Anyway, back to the point, you want to make sure that when you set up a transfer for $100, no one can alter it. With blockchain, that is true even if you want it to be altered (you made a mistake). If you want to fix an error, you will have to add another transaction to the blockchain to correct the issue. This is actually good accounting practice, as once an entry is made into a ledger, it should never be removed or altered.

Think of this like purchasing a car. If you go to your neighbor and buy his used car for $2000. You give him the money, and he signs over a title to you. The title is proof of ownership. To ensure that your neighbor cannot just take the car back, you take the title down to the Department of Motor Vehicles and have the title registered in your name. Now you have a record of your transaction should the ownership of the vehicle ever come into question.

So how does blockchain ensure immutability of the ledger? It all resides in the concept of the hash. If hacker tries to alter anything in the block below, its hash will change. Now the hash will no long match the previous hash in the second block. So, the hacker would have to change the next block, and the block after that, etc.


And even if they were able to pull that off, remember that the blockchain resides on multiple computers. The hacker would need to make all of these changes simultaneously. When you consider the millions of nodes that make up a blockchain environment like BitCoin, you will see that would be impossible.


In the next lesson, we will be looking at peer to peer distributed networks

ETL : Extract, Transform, Load

It you ever actually intend to work with data in the real world, you will quickly come face to face with two truths:

  1. Data is messy
  2. The data you need is never in one place

While creating predictive models and showing off your brilliant math skills is infinitely more sexy, before you even begin to build a simple linear regression until you have all your data together and in the correct format.

If you haven’t heard it before, it is a pretty common estimate that a data scientist spends 60 to 70 percent of their time working as a data “janitor”. While on a smaller scale, most of this data manipulation and merging (often referred to as munging) can be done manually, in a professional environment, you are going to want to find a way to try to automate as much of the process as possible.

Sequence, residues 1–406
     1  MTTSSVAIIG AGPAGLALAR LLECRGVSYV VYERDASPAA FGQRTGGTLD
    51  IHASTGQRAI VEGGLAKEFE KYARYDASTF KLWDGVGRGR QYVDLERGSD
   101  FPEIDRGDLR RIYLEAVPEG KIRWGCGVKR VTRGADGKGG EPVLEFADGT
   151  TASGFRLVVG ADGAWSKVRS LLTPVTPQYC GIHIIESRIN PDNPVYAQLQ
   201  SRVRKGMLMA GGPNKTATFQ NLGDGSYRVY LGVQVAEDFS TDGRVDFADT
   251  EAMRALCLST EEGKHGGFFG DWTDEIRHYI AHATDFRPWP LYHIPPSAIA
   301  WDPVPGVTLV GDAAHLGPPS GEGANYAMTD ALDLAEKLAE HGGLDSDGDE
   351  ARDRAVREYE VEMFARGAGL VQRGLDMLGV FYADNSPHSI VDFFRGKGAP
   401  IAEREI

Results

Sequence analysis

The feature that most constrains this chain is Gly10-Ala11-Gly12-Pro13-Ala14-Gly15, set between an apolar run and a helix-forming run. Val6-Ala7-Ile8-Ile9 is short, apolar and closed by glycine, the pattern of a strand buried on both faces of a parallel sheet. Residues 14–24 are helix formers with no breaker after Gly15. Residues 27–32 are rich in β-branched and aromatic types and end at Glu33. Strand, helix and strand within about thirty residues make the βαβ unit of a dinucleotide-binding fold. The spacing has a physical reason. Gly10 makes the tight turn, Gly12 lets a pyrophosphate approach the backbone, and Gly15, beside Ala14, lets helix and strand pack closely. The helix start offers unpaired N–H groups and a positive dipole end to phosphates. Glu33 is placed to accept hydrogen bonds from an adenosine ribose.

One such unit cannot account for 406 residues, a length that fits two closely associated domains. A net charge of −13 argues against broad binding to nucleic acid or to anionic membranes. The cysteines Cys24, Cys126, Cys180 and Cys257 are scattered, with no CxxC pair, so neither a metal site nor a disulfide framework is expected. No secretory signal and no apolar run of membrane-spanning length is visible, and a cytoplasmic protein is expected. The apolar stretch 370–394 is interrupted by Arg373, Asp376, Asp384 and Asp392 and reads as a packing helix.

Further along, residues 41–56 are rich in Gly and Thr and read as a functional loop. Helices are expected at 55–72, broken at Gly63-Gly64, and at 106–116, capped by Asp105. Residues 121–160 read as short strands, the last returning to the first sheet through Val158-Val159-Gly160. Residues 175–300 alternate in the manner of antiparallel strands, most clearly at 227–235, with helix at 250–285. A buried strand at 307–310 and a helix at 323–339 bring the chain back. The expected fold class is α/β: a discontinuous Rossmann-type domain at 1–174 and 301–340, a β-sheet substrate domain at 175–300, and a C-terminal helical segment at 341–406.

ETL Tools

This is where ETL Tools come into play. Some of the more popular ones on the market are:

  • Oracle Warehouse Builder (OWB)
  • SAS Data Management
  • PowerCenter Informatica
  • SQL Server Integration Services (SSIS)

SSIS is the one I am most familiar with (also the one I use professionally) so it will be the one I will be focusing on in future lessons.

What these ETL Tools do is help you automate the data munging process.


When discussing ETL, extract means pulling data from a source (or many sources). Consider this, you have Customer table residing on a SQL Server Database, a Sales Person table sitting on a Teradata Database, and a list of purchases kept on an Excel spreadsheet.

Using an SSIS tool, you can connect to these three different data sources and query the data (Extract) into memory for you to work with.


Transform in ETL refers to manipulating the data.

Pulling from the example above, in the SQL Server table you have

Cust_ID         Cust_NM
9081            Bob Smith

The Excel sheet says

Cust_ID         Cust_NM
CN9081          Bob Smith

In the Excel spreadsheet, someone has put a CN in front of the Cust_ID. This is a common problem you will run across when working with real world data.  Using an ETL tool, you can set up steps that will either remove the CN (or add it- your prerogative).


Finally, once you have extracted the data from the different sources, transformed it – so differences in the data are correct, you come to the final step: loading it into a location of your choice – usually a data warehouse table.

Splunk: Introduction to Real Time Data Analysis – Setting Alerts

Splunk really shows its power in the realm of real time analysis of unstructed data. A professional implementation of Splunk involves some sort of machine produced data stream being fed into Splunk. This could be web clicks, social media feeds, sensor readings from mechanical devices, log files, etc.

In our example we are going to be working with computer log files I pulled from a server.

Download Data File:  event

Log into Splunk and select Add Data from the home screen


Select upload


Select File


Select the event.csv file I provided


Select Next


Select Next (since we are on a local machine, the default Input settings will do fine)


Finally, hit Submit


Now we have the full log file loaded, let’s try filtering the data load down a little.

Put error* in the search bar. (* is a wild card in Splunk)

Now only Errors are showing up in our data.


Now try the following in the search bar

error* terminal*

Now my log files are filtered down to TerminalServices Errors only.


Notice the top bar graph. It shows an abnormal increase in these particular errors in October.


Setting Alerts

This seems like there has been an abnormal increase in these particular errors. Wouldn’t it be nice to know if these errors were starting to fire off again.

Splunk lets us set Alerts to do just that. Above the bar graph, you will find a drop down menu Save As – click on it and then select Alert


Give the Alert a name.

I don’t want to run this on a schedule. Instead I clicked Real-time

I set the Trigger Conditions to go off when more than 50 of these errors appear.


Under Add Trigger Actions, I select Add to Triggered Alerts


Select your Severity


Now the Alert is saved


If you select Alerts in the top menu, you can see the newly saved alert too.